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Dog Clicker Training Information
Dog clicker training is undoubtedly one of the most reliable methods of training a new pet dog. Beyond obedience, the clicker is an effective tool for pre-conditioning and reinforcing positive behavior in your dog.
Clicker training derives from the precepts of behavioral psychology which marks and rewards desirable behavior. It’s an excellent method in animal training as the distinct clicking sound serves as a communication tool – it tells your dog exactly when you like what he’s doing. As opposed to the use of punishment, dog clicker training’s click-and-reward principle works to encourage positive behavior by rewarding it right away. When you start to clicker-train your dog, remember to:
1. Practice and time your clicks before working with your dog. It is important that you learn to click at the precise moment your dog heeds your command. When your click is ahead or behind the precise moment of obedience, your dog’s association of the sound with the behavior could be confused.
2. Click when he’s doing it. Clicking should be done while your dog is doing as commanded, not before or after. This is important in order to communicate exactly what the treat – that follows the click – is for. Timing the clicks is very important.
3. Be consistent with the number of clicks. Click only once to mark the behavior. Don’t overdo it. If you like what your dog is doing so much you want to let him know you’re delighted, give him more treats but stick to one click. Consistency is as important as timing.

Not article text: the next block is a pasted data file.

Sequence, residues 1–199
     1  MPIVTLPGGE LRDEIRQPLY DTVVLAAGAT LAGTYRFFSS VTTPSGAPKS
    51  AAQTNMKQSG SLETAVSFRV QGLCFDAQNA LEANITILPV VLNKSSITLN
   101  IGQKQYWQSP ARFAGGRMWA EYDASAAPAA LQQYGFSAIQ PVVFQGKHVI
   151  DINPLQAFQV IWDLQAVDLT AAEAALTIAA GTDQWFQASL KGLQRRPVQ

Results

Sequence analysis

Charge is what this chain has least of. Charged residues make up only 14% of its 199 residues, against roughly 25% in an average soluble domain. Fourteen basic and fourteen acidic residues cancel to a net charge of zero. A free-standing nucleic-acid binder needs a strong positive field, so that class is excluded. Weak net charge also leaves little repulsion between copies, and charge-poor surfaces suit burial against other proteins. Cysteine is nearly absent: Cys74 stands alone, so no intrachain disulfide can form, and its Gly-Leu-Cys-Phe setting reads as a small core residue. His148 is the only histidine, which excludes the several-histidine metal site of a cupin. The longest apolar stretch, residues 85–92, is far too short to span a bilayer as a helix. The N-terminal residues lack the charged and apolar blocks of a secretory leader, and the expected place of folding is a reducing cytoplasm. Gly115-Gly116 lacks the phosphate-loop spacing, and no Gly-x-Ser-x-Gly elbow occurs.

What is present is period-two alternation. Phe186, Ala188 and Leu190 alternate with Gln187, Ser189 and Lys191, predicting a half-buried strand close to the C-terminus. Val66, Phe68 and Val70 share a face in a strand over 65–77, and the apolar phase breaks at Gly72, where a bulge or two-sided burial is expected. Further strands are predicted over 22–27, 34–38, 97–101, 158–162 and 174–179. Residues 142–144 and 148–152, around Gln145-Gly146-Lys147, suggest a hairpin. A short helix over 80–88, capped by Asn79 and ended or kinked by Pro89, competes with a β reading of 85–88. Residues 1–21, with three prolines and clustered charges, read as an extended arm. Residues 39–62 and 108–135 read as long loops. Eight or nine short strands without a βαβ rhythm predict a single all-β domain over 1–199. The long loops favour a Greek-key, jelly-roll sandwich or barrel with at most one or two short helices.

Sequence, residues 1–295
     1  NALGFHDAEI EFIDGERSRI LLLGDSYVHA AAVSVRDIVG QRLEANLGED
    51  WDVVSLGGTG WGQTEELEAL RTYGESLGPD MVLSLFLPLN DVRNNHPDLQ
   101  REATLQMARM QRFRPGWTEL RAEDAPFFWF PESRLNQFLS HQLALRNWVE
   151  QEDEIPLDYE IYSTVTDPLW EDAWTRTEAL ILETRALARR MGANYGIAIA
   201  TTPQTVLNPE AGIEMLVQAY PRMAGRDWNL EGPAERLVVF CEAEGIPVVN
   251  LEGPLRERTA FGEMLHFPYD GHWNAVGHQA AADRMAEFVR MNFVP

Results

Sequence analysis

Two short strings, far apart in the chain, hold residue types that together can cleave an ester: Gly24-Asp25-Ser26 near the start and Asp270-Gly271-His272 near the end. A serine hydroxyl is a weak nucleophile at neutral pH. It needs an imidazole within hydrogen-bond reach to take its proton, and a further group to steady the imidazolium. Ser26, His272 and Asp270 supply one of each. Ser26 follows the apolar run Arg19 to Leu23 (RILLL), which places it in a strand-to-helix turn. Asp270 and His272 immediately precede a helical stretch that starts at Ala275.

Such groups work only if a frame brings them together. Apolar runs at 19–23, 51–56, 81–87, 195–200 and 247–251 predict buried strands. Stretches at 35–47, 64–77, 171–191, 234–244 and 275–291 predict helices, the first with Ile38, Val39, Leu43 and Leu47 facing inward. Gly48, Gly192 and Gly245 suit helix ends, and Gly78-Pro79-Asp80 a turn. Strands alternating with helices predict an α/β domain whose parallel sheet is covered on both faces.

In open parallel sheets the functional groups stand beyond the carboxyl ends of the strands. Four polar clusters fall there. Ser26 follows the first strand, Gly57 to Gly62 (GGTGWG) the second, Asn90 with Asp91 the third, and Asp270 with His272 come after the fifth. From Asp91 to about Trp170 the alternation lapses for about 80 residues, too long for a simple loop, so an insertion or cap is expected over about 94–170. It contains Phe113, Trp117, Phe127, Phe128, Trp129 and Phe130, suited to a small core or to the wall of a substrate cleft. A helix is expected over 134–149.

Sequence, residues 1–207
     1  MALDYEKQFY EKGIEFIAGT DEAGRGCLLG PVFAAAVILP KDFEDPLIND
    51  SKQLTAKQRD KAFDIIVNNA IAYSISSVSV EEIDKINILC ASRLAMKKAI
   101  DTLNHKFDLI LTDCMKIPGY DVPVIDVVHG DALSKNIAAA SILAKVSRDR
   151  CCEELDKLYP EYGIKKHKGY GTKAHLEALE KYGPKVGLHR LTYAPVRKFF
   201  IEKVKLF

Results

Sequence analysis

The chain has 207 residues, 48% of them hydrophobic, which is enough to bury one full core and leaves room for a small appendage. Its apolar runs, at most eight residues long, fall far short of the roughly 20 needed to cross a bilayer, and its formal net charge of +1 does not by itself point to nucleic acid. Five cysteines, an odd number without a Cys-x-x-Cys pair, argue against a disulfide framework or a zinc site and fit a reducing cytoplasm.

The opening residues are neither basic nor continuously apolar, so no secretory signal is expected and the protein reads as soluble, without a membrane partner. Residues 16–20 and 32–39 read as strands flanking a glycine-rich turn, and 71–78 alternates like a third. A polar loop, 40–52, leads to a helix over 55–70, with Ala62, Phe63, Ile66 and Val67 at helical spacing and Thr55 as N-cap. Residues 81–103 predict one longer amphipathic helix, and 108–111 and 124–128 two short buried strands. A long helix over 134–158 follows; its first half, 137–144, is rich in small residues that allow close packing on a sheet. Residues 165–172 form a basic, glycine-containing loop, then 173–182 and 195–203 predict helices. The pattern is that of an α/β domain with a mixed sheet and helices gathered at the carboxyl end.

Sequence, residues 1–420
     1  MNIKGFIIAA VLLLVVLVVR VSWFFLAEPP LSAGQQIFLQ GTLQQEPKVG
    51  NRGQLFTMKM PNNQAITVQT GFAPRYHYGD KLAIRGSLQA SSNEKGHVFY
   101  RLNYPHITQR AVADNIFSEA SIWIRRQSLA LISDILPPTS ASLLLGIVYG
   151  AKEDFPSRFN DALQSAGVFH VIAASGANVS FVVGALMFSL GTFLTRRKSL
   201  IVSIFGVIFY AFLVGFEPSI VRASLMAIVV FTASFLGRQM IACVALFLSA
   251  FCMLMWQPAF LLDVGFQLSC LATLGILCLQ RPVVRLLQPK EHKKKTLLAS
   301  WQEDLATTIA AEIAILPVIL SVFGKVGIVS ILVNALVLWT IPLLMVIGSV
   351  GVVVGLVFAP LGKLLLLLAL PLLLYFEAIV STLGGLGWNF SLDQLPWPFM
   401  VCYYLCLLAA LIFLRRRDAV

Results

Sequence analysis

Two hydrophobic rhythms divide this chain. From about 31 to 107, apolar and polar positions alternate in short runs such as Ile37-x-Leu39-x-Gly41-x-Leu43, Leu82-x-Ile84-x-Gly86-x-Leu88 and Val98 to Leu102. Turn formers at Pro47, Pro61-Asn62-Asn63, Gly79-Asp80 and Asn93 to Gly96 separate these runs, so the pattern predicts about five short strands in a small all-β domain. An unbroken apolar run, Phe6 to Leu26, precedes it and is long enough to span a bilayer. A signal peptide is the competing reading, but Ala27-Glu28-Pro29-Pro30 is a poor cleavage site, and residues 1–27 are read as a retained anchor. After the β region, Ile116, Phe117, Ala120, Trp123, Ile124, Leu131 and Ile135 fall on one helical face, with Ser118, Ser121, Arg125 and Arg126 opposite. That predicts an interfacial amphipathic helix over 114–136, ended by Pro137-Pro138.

4. Less is always more. Keep your training sessions no more than five minutes at a time. You can do several five-minute clicker training sessions in a day. This is more productive than hour-long daily sessions as the repetitiveness of routines bore intelligent dogs.
5. Clicking for small steps is an encouragement. When you’re ordering your dog to sit, click as he starts to bend to the position. When you want him to respond to, “Come!” click as he takes a few steps toward you. When you’re dog learns to associate the sound with your approval, he’ll know when he’s on the right track.
6. Don’t get mad holding a clicker. When you’re mad, you’re likely to scold or jerk your dog’s leash. Be sure not to use or have your dog see/hear clicking. Dogs can sense your mood. If you confuse the clicker with scolding or correction, he’ll lose confidence in the clicker.
7. By all means, carry the clicker in your pocket. Click for voluntary or good behavior. When your dog cocks his head to one side (imitating the human pose for listening), click. When it sits still when a guest arrives instead of barking incessantly, click. Marking good behavior with a click as it happens is excellent reinforcement and won’t confuse your dog.
Training with a Clicker
Dog clicker training is a wonderful experience for both owner and pet. As your dog learns to understand you, you also grow toward understanding your dog. Often, the clicker is useful in gauging your dog’s abilities and reaching their potential by constantly striving for more. If you find yourself not progressing on a certain behavior, it’s likely that your clicks are ill-timed.